I found the darling cupcake toppers at an etsy shop called Adore By Nat. After the shower, I collected the ones that weren’t dirty (or thrown away) and will turn them into a simple cake bunting as a gift to Lisa. Hopefully she’s too busy decorating her baby’s nursery to read this post.

I also found some fun balloons online that helped highlight the theme.

safari balloons

It was the quintessential girls-only baby shower — we ate, we chit-chatted, we played a few games, we opened gifts. Well, Lisa opened gifts — and lots of them. She’s almost all ready for baby boy to show his sweet face. It will be an exciting day!

Been to any fun showers lately? And are you a fan of cupcakes?

P.S. If you haven’t entered the giveaway for the Mountain Rose Herbs’ spice kit, be sure to do so today! I’ll be announcing the winner tomorrow morning.

Images: M.C. Cabaniss 


Made by Hand / No 1 The Distiller from Made by Hand on Vimeo.

This is a lovely short film — the first in a series called Made by Hand, which celebrates “the people who makes things by hand — sustainably, locally, and with a love for their craft.” The series was started by Keef, a Brooklyn-based filmmaker who was inspired by the handmade movement happening all around him.

This first film, The Distiller, looks at Brooklyn’s first gin distiller since Prohibition — the Breuckelen Distilling Company. The second film will focus on a writer-turned-knife-maker.

Among other things, today I’m preparing for a close friend’s shower. There are cupcakes to bake and decisions to make about shower games. I hope to share highlights if I can multi-task enough to both co-host the shower and take photos tomorrow. In the meantime, I’ve got some items I want to share with you as the weekend arrives:

  • Have you entered yesterday’s giveaway from Mountain Rose Herbs?
  • I’m digging these linen napkins, hand-sewn and block-printed.
  • One of my obsessions — Pinterest — is undergoing a face-lift.

Have a restful weekend, and see you back here on Monday!


spice box

I’m really excited about today’s giveaway. But first I want to say welcome, kirtsy readers! I’m so glad you stopped by; please make yourself at home.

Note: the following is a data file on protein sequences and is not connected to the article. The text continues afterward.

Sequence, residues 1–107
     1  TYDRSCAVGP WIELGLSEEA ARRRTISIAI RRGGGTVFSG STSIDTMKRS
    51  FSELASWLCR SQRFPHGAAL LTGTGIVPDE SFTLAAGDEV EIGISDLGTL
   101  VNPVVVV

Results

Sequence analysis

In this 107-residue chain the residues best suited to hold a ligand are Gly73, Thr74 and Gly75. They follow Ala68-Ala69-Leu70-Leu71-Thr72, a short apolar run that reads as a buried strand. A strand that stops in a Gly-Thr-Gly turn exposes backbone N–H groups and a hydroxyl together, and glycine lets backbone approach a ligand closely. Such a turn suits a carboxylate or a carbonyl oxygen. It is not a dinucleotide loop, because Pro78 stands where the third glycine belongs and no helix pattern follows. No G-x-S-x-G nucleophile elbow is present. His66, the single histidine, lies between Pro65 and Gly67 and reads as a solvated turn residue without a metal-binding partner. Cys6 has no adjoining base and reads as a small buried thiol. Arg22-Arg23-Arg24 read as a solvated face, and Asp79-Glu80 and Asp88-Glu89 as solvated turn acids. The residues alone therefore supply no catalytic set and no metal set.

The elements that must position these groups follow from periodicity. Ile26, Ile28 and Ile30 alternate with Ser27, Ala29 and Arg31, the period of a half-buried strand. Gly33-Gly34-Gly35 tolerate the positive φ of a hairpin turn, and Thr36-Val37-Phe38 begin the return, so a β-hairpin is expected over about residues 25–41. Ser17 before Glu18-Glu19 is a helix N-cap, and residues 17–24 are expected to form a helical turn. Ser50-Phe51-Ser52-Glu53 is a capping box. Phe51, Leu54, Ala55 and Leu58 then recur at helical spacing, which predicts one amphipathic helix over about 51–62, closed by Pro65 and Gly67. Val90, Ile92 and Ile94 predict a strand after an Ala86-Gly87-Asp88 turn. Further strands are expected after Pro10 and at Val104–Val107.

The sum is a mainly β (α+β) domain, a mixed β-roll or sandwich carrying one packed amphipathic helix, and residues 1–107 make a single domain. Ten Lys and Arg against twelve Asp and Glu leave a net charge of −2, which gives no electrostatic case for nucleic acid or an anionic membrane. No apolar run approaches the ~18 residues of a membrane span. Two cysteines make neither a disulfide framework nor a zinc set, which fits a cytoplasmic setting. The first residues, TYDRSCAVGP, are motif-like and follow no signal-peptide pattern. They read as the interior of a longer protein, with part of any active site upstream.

Today, Mountain Rose Herbs is generously donating an organic spice sampler kit to one lucky SlowMama reader. The winner will receive:

  • 2oz Bottled Grilling Herbs Blend
  • 2.6oz Bottled Lemon Pepper
  • 2.2oz Bottled Pumpkin Pie Spice
  • 1.3oz Bottled Mexican Seasoning
  • 2.8oz Bottled West Indies Rub

I’ve been ordering from Mountain Rose Herbs for a few years now, and I’m always so impressed with the quality and freshness of their products — not to mention the prices. I’ll never forget the first time I received their vanilla beans; they were incredibly fragrant and about half the cost of what you pay at a grocery or gourmet store. There’s a reason for this: Mountain Rose Herbs has a full-time quality control department and, unlike other herb suppliers, never sells or stocks products that are more than a few months from harvest.

What I also love about them is their uncompromising commitment to organic agriculture, sustainable practices, and fair trade. They’re a green company with a holistic way of doing business and contributing to the community. They place a high priority on health and well-being, which is why they remove all conventionally grown materials from their products. You really need to check out their (vast) catalogue to see what I mean.

Oh, and if you happen to live near Salem, Oregon, don’t miss their Rootstalk Festival this weekend. I can barely resist this description:

Join us for a unique experience in the majestic old growth forests of Salem, Oregon. Wander the emerald woods by day to learn wilderness skills, plant identification, home herbalism, urban farming, DIY sustainability, and more from the country’s most dynamic teachers and experts. Then as the moon glows, enjoy herbal brew under the towering trees or stomp your feet to strumming banjos, singing fiddles, and ecstatic rhythms drumming into the starry night sky.

Ack! It sounds so cool! If you go, please send a report.

But back to the giveaway…

To enter for a chance to win the spice sampler kit from Mountain Rose Herbs, leave a comment telling me your favorite ethnic food. And, if you “like” SlowMama on Facebook or follow me on Twitter, you can leave a second comment here for another chance to win.

Needless to say, you’re definitely going to need to take Mags’ advice and clear out some space in your spice cabinet to house your prize!

I’ll announce the winner on Tuesday, September 27. Good luck!